A Scholar, a Schoolmaster and a Baptist Minister Walk into a Police Station: Guest Post by Brett Evans

Monochrome photograph of Brett Evans in half profile, looking down

I am proud to publish, as the first guest post on this website, a poem by the poet, Brett Evans, co-founder and co-editor of the magazine, Prole, and author, most recently, of The Devil’s Tattoo and Sloth and the Art of Self-Deprecation. This poem commemorates the burning of the RAF base and aerial bombing school at Penyberth, Llŷn, by leading Welsh nationalists and pacifists in 1936.

Pwllheli 1936

Devils, I tell you, I knew when they came in
telling of fire they’d caused, one calmly explained
the government had accepted protests from Holy Island,
Northumberland, Abbotsbury in Dorset –
something to do with a breeding ground for swans –
but sure it hadn’t listened to the song of the Llŷn,
drowned out by roughshod hooves. And where once stood
Penyberth – a hearth for poets and pilgrims –
were the burned remains of the week old bombing school
for the RAF. Still don’t you fret, the Caernarfon
jury may not agree – we Welsh are a bellicose
bunch – but when they get to the Old Bailey
an all English jury will see them caged.
Devils in the corner, wait to be led to their cells,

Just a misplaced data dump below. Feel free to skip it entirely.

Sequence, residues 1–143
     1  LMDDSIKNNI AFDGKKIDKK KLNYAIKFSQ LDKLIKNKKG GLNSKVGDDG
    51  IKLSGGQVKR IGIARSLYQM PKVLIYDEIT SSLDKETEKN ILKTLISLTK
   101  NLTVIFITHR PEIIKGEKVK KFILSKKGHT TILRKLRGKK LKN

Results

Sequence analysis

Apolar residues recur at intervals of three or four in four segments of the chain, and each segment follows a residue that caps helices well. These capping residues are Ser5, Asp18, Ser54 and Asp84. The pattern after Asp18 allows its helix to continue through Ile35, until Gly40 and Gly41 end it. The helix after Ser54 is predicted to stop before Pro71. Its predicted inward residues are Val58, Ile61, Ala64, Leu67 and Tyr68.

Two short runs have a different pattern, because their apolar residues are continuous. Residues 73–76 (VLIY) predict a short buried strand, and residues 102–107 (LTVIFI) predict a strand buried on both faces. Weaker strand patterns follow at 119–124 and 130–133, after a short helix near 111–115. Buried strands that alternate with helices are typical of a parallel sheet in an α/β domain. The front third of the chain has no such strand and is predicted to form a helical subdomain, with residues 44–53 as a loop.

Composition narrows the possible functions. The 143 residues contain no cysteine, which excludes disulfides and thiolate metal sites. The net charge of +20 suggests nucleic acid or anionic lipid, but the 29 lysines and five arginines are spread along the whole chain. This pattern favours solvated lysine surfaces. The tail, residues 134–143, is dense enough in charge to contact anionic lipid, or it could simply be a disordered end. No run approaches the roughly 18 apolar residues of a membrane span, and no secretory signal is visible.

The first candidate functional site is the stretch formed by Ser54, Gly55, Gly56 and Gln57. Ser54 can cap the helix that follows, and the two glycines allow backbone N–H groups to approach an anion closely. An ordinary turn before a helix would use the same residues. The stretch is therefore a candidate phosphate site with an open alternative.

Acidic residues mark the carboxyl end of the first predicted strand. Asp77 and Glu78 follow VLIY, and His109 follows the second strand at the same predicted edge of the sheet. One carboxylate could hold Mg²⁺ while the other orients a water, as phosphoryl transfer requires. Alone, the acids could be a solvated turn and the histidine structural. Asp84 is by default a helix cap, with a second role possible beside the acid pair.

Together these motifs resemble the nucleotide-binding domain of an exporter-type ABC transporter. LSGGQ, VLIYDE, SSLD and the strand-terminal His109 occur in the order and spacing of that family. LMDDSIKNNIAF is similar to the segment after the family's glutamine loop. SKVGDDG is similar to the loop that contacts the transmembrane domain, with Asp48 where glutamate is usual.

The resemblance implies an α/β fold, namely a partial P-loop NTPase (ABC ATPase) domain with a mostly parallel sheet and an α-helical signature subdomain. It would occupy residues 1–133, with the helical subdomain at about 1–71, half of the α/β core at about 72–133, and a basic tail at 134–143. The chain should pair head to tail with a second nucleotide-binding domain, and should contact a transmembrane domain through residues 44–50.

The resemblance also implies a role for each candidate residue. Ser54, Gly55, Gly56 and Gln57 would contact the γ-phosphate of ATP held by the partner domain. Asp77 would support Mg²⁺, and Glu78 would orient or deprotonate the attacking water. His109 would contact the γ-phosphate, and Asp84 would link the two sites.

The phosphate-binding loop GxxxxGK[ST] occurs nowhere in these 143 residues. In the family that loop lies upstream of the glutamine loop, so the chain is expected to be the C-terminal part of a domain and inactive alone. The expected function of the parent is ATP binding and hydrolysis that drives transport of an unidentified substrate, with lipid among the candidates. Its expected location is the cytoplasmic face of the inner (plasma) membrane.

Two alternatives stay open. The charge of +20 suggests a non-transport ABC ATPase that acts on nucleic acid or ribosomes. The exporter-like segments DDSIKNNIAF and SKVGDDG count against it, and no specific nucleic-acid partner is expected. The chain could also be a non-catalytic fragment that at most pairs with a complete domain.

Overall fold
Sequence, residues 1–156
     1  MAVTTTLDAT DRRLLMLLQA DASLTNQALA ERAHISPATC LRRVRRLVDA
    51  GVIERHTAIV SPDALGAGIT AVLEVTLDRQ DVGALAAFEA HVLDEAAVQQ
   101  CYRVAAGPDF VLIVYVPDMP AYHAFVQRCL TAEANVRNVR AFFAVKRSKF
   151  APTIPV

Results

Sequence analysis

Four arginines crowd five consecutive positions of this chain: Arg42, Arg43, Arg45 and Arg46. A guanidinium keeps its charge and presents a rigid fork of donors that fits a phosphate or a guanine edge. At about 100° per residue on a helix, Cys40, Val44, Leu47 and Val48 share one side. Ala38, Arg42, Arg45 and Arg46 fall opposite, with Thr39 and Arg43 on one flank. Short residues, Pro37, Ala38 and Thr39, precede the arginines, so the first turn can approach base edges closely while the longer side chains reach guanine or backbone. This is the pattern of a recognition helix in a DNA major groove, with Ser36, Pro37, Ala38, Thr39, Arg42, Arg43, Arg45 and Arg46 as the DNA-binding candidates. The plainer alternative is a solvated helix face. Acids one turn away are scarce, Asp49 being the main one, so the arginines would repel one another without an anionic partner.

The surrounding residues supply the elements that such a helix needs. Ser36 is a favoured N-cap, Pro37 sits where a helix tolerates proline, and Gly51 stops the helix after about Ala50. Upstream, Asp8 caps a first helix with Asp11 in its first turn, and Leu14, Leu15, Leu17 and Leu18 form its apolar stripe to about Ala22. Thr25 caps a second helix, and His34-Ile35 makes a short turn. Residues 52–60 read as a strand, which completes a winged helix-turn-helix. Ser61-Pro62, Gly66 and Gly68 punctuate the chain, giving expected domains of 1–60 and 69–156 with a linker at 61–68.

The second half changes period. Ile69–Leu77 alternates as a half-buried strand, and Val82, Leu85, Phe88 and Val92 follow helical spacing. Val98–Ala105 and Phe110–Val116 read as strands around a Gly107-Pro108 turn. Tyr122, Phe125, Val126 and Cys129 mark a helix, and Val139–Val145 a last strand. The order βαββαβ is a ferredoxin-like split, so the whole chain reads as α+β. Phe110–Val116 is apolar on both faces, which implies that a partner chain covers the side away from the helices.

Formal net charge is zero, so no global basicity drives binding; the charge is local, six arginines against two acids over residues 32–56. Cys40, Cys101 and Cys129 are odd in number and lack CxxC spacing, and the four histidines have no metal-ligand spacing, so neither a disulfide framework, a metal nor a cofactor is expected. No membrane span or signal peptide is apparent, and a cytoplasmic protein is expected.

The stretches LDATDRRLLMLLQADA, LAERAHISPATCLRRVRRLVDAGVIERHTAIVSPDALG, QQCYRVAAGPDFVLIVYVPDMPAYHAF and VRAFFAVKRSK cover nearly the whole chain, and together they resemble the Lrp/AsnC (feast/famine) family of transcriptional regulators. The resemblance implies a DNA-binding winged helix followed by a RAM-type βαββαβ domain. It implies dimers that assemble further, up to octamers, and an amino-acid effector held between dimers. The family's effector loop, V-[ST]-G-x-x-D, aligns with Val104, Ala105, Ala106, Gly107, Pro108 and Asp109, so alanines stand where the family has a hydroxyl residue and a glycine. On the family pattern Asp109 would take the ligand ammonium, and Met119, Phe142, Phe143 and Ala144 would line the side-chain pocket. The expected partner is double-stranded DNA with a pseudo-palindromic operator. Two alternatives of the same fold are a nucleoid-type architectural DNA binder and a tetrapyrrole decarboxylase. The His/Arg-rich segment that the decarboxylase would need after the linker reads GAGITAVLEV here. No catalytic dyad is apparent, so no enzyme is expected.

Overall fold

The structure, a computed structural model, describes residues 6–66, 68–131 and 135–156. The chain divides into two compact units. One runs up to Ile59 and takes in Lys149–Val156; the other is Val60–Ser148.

they plot and scheme, let’s lean and listen in –
the monsters! Can’t fool us with talk of the beauty
within the sonnets of Robert Williams Parry.

News and Opinion

A Portrait of the Artist as a Middle‑Aged Man

The day was dull, rather misty, and wet under foot, but neither too warm nor too cold for walking. I began to think (without being especially aware that I was thinking) about the place of blood in Christian iconography, about the chapel in which I was raised, which seemed mildly obsessed with it...

Read post

Featured Posts

Books by Rob Mimpriss

Cover of Dangerous Asylums

Dangerous Asylums

‘In this exemplary collaboration between medical science and imagination, lives preserved in official records, in the language and diagnoses of their times, are restored not just to light, but to humanity and equality. This anthology is a resurrection.’

Philip Gross